I can’t remember what drew me there. Maybe it was the promise of warmth. Maybe I was dragged unwillingly. Most likely I was trying to impress someone with the ounce of wisdom I’d acquired as a college freshman that crazy autumn.
Whatever the reason, during Christmas break 1967, I visited the Philadelphia Museum of Art’s exhibition on Ben Shahn.
Shahn was still alive and much of his work dealt with progressive causes — civil rights, the Sacco and Vanzetti case, organized labor. But not surprisingly, the one I recall best concerned baseball.
National Pastime is an ink sketch of a sweep of baseball action. A righthanded hitter takes a healthy cut. A crouched catcher awaits the ball. An umpire leans in close. A dark cloud of motion partially obscures them all.
At 18, as ignorant of art as life, I liked Shahn’s drawing even if I couldn’t explain why. What I did know, even then, was that it was no danger to anyone’s freedom.
If you want to learn why NFL players kneel during the anthem or why the Eagles’ forthcoming White House visit is so controversial, it helps to understand the episode when Shahn’s innocent drawing ignited a 1950s culture war.
In its early years, Sports Illustrated’s mission was far broader than now. The magazine ran stories on dog shows, bridge, and trout fishing. And deep in the Dec. 5, 1955, issue, with fencer Louise Dyer on its cover, was an article, “Artists and Sports.”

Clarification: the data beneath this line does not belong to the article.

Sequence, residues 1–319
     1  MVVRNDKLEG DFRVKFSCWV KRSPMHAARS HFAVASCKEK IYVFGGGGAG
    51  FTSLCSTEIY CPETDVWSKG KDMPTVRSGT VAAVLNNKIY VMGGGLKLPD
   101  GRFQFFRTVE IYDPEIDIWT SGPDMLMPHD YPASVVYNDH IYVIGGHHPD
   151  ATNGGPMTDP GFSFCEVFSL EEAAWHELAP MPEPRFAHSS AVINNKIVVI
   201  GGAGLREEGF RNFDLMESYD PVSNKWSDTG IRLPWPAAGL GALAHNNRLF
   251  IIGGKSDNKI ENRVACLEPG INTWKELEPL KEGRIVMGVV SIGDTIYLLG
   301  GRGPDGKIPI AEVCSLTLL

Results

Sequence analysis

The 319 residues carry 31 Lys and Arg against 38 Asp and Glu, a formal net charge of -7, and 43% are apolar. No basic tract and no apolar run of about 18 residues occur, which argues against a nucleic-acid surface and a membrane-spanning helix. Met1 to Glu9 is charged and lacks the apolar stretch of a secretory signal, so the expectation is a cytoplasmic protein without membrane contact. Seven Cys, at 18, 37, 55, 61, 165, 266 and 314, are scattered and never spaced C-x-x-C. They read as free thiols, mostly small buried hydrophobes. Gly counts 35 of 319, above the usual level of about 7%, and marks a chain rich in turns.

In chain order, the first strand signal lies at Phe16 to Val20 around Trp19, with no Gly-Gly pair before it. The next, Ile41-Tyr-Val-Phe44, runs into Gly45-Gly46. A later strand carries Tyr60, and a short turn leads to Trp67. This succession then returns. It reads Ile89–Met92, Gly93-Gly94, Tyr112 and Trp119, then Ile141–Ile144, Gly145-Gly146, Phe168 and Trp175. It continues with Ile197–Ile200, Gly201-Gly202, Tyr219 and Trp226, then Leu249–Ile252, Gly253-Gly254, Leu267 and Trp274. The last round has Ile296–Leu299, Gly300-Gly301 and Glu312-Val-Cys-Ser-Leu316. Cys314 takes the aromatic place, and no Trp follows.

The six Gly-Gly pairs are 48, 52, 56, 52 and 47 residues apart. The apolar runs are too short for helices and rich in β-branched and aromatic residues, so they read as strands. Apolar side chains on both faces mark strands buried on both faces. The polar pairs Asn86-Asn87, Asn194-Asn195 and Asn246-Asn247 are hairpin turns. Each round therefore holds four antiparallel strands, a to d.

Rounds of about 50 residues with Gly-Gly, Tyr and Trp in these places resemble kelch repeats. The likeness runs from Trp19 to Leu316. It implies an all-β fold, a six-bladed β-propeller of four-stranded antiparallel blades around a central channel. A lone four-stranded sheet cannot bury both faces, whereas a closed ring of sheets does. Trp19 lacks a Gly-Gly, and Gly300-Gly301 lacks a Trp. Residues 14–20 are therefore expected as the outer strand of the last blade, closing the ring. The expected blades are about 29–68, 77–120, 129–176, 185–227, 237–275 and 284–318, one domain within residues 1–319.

SI, it noted, was partnering with the American Federation of Arts and the U.S. Information Agency to sponsor an exhibit of sports-related paintings, prints, and drawings. “A Happy Blending of Two Worlds,” the headline said.
“Sport in Art” would include 102 “top-rank works.” It would tour several American cities that summer and then, in September, travel to Melbourne for the 1956 Summer Olympics.
The art spanned nationalities, centuries, and styles. There was an 18th-century romantic painting of a bullfight by Francisco Goya, who once toiled in the bull ring. There was 20th- century realism, a boxing scene painted by ex-semipro baseball player George Bellows.
The exhibition seemed harmless. It linked sports and art, two disparate aspects of an ideal America that the 1950s would soon come to represent. But other forces were at work in that decade too, and they were busy banishing this nation’s better angels to limbo.
Anti-communism was raging. “Reds” – even individuals whose greatest crime was an association with some progressive cause — were hunted in colleges, labor unions, the movies.
The House Un-American Activities Committee and other practitioners of McCarthyism, buoyed by many of the Americans they’d been frightening since 1946, made frequent demands. And, to a surprising extent, sports and society met them.
The national anthem, which some teams played before World War II-era games, suddenly became mandatory. The words “under God” were inserted into the Pledge of Allegiance and onto currency. The paranoia was so thick that in 1953 the Cincinnati Reds became the Redlegs, a change apparently made to aid those who confused third basemen and fifth columnists.